Contaminated land and site investigation

Industrial decline in the United Kingdom has left many areas of vacant, derelict and underused land. These areas may contain substances in the ground that have the potential to cause harm to human health and the wider environment.

Environmental searches and enquiries

The Environmental Protection Service handles environmental searches and environmental enquiries relating to land contamination.

Environmental searches are often generated through the conveyancing process for residential and commercial properties. Where these searches identify an issue, they usually recommend contacting us for any further information.

Environmental enquiries usually relate to sales and acquisitions of land. 

Standard charges apply for most searches and enquiries. The cost is dependent upon the number and type of questions asked. We’ll tell you the cost once we have reviewed your enquiry.

Contact us if you want to submit an environmental search or enquiry by emailing

Dealing with affected land

In the United Kingdom there are 2 ways of dealing with land affected by the presence of contaminated land. Through the town planning development control process and the enforcement of Part IIA of the Environmental Protection Act 1990.

The Supporting information provides guidance documents for landowners and developers, setting out responsibilities and likely requirements. The regional and local guidance and policies provide information about clean cover systems (clean capping), and verification of correct installation of gas protection measures.

The Environmental Protection Act 1990

The Environmental Protection Service is responsible for implementing Part IIA of the Environmental Protection Act 1990 and has a dedicated Contaminated Land Officer to undertake this role.

Part IIA requires us to inspect our area for the purpose of identifying contaminated land. In accordance with Part IIA, we produced a Contaminated Land Inspection Strategy in 2001 which has been periodically reviewed and is currently being revised.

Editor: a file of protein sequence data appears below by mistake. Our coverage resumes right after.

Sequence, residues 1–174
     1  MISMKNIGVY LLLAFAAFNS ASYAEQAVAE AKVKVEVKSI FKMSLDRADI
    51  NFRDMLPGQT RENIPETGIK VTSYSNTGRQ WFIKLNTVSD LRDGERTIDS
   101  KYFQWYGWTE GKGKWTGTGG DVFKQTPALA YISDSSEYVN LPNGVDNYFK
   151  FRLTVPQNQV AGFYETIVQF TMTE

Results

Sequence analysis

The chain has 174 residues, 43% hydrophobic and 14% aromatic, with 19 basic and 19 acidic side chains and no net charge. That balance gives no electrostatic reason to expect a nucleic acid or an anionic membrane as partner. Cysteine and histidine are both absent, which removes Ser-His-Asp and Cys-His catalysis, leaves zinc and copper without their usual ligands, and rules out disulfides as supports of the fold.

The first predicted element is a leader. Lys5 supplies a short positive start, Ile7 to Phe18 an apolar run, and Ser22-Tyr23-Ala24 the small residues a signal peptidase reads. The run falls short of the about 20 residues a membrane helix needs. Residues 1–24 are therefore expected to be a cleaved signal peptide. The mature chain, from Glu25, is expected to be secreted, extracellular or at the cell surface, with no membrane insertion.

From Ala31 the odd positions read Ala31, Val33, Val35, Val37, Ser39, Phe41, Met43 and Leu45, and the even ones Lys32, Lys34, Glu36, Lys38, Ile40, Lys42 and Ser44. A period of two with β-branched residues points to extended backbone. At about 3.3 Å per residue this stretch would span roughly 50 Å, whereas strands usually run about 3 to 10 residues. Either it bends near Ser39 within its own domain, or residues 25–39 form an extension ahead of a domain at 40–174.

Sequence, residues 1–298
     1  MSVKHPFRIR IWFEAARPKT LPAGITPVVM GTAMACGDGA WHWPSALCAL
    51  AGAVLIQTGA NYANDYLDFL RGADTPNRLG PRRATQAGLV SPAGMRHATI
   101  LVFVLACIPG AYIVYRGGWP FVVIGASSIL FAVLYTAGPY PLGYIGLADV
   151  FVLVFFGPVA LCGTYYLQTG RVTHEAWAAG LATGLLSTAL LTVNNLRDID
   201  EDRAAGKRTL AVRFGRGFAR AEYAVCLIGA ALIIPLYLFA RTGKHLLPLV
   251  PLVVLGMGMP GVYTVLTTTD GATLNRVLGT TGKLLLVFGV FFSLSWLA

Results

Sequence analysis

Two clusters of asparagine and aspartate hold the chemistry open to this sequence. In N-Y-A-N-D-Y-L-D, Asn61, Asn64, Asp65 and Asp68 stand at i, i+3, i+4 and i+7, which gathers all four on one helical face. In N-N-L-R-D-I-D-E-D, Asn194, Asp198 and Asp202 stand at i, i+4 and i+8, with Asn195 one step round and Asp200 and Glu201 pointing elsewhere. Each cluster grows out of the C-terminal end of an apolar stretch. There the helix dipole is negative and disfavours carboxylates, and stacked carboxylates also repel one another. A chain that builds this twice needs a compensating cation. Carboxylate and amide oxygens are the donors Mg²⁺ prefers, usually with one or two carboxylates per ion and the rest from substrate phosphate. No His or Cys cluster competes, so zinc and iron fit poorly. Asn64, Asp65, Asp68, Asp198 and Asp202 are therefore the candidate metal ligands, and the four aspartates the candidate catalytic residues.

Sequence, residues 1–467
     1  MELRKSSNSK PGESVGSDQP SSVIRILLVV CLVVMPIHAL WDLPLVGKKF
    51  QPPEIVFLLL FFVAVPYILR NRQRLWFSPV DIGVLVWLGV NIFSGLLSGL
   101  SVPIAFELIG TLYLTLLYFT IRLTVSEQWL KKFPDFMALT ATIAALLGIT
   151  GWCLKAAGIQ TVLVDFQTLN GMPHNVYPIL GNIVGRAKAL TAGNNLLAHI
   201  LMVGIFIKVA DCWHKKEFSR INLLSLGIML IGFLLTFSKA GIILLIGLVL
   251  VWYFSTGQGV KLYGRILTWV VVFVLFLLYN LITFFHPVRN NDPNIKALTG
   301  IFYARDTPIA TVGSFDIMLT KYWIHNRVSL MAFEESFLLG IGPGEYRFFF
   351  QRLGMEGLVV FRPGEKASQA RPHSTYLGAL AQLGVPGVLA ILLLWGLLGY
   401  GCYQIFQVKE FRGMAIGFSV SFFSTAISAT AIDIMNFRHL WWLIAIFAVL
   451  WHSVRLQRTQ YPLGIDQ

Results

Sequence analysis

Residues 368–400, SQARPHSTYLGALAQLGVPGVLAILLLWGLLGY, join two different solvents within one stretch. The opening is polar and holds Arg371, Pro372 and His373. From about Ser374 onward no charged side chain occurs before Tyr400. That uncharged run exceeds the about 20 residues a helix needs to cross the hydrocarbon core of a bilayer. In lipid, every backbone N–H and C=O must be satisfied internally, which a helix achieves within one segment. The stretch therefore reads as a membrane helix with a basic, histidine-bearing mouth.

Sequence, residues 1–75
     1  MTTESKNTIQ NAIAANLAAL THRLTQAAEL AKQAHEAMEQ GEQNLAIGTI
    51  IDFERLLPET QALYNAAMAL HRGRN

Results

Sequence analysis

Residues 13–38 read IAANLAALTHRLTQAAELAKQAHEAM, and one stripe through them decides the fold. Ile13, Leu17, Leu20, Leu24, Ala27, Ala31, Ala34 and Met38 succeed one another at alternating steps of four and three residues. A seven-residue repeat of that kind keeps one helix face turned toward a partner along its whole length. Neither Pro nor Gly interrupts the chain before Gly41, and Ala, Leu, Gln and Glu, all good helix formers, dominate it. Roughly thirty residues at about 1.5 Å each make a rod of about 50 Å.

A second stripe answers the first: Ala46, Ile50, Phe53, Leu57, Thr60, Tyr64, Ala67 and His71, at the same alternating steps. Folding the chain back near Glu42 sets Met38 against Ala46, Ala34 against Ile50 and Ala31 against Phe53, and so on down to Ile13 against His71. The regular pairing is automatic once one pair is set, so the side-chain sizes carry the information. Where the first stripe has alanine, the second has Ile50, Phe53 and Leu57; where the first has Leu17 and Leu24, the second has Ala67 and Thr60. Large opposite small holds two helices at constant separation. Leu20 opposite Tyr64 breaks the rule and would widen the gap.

Part IIA only deals with land which in its current use has the potential to cause 'significant harm' to human health, specified plants and animals, specified buildings and property and the water environment.

The legislation also requires that we compile and maintain a register of contaminated land. This register only includes details of land where formal action has been taken - it does not include details of every site in Sheffield.

Development on land potentially affected by contamination

Part IIA of the Environmental protection Act 1990 deals with land, which in its current use, has the potential to cause significant harm.

It is government policy that most land affected by the presence of contamination will be dealt with during the planning process. For planning purposes land contamination has a wider meaning.

For any new development the developer is responsible for identifying potential risks to future occupiers of the site, to property and to the environment.

UKRadon are the UK's primary experts on radiation protection.

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